SAN FRANCISCO (KPIX 5) – It’s being dubbed the summer of “revenge travel.” After more than a year of being locked down, cancelling trips, and spending more time at home than ever before, Americans are ready to take a vacation.

“I haven’t stopped traveling, you know why? Because I’m playing by the rules, I’m behaving responsibly and I’m being situationally aware,” said Peter Greenberg, Travel Editor for CBS News.

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Greenberg said international travel is taking off, trips to Greece are up 12% from pre-pandemic levels. Iceland, Ireland, and Mexico are also seeing more visitors.

Domestically, small outdoor spots like Eureka, Merced, Bend, Oregon, Traverse City, Michigan and Bozeman, Montana are considered hot spots, but there’s still a lot of confusion over regulations.

Many countries are requiring people to have what’s known as a vaccine passport.

Denmark, Estonia, the European Union, Israel, Japan, Panama, Singapore, and Thailand all require their own citizens to provide proof of vaccination. Hawaii is asking visitors to download the Common Pass, but the U.S. government is currently staying away from requiring people to have proof of a vaccine to travel.

Microsoft and Mayo Clinic made an app that verifies vaccination records. Experts advise starting a folder of vaccine passes on your phone, similar to what you may already have for airline travel.

Greenberg said you should expect most private businesses will embrace this model.

“It will not be the trickle-down theory here, we’re going to see the tumbledown theory. You may not be able to go to the dry cleaner pretty soon without showing proof of vaccination,” Greenberg said.

Rental cars are also few and far between, most companies sold off their fleets during the pandemic.

“You can’t get a rental car now. I priced a rental car today for a one-day rental in Florida for a small Kia, and that rental was $441 a day,” Greenberg said.

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“During the height of the pandemic, if a hotel was even open, their occupancy could be in the single-digits,” said Kevin Carroll, the Executive Director of the Hotel Council of San Francisco.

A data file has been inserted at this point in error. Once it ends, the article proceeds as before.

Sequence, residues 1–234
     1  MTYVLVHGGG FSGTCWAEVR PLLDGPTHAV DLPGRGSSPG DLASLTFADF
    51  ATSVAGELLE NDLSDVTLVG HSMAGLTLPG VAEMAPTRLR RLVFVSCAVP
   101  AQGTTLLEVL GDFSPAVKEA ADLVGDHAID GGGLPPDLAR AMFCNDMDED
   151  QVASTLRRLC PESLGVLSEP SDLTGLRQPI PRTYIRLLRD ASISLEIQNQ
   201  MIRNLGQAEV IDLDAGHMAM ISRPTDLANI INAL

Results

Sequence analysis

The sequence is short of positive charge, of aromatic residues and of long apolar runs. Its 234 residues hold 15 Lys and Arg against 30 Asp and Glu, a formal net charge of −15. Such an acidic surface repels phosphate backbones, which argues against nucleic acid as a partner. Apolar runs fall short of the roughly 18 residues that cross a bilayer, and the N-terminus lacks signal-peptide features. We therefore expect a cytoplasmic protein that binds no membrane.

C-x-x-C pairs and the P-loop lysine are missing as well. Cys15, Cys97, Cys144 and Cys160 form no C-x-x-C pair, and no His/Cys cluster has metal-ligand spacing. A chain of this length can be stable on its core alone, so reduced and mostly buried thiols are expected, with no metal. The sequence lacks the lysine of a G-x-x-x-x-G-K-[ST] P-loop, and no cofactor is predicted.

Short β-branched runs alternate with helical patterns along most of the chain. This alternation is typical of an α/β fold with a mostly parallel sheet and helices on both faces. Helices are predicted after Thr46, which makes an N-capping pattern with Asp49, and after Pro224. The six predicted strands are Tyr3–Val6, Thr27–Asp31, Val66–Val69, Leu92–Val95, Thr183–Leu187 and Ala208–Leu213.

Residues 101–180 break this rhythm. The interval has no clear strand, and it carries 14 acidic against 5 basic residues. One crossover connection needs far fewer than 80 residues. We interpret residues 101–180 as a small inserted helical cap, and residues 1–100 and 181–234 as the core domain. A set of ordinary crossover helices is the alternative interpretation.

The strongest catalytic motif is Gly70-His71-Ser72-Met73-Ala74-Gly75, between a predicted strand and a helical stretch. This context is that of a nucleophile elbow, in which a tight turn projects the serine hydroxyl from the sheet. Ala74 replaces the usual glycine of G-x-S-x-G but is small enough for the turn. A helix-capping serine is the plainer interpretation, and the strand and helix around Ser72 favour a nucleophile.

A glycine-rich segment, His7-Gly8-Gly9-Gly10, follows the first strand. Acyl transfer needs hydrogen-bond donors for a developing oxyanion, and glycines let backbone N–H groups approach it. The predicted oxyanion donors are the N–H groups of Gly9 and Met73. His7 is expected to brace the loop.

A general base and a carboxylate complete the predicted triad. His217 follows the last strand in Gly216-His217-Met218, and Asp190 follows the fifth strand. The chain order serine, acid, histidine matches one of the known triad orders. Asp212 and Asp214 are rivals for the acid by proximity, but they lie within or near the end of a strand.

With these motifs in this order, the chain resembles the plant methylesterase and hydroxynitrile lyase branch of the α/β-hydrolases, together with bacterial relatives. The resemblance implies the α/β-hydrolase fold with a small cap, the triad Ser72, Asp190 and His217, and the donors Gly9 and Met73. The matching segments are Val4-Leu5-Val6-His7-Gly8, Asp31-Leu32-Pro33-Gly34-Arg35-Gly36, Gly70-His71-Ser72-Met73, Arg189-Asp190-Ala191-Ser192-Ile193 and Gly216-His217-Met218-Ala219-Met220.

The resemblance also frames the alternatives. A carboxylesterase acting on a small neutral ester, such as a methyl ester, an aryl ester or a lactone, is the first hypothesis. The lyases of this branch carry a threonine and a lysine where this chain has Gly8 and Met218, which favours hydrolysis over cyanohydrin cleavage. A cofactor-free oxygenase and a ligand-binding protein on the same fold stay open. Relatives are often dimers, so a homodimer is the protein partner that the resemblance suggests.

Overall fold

Carroll said hotels are starting to fill up again, occupancy on weekends is near 60%. Most are Californians driving in for the weekend.

“It continues to expand so Southern California, we’re now seeing Arizona, Texas,” Markus Treppenhauer, General Manager of The Fairmont in San Francisco said.

The Fairmont reopened in February. Currently, 75% of San Francisco hotels are back open.

Treppenhauer said tourists help, but the long-term recovery depends on large group travel.

“We need those customers. Transient travel, what we have today, is not enough to sustain us in the future,” Treppenhauer said.

The expectation is that the recovery will go in waves, first it will be local travelers, then international, business travel, and finally conventions.

“I’m hoping in the next two years we can be back to normal,” Treppenhauer said.

“A full recovery is not expected for three to four years, so it could be in well into 2023,” Carroll said.

In the meantime, hotels are ready to welcome visitors, and the next few months of tourism are an essential and defining time in the trajectory of the recovery.

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“It’s critical and going into the summer months, which are traditionally a busy time for us as well, we’re primed and ready and we just, we want to welcome people back to our city,” Carroll said.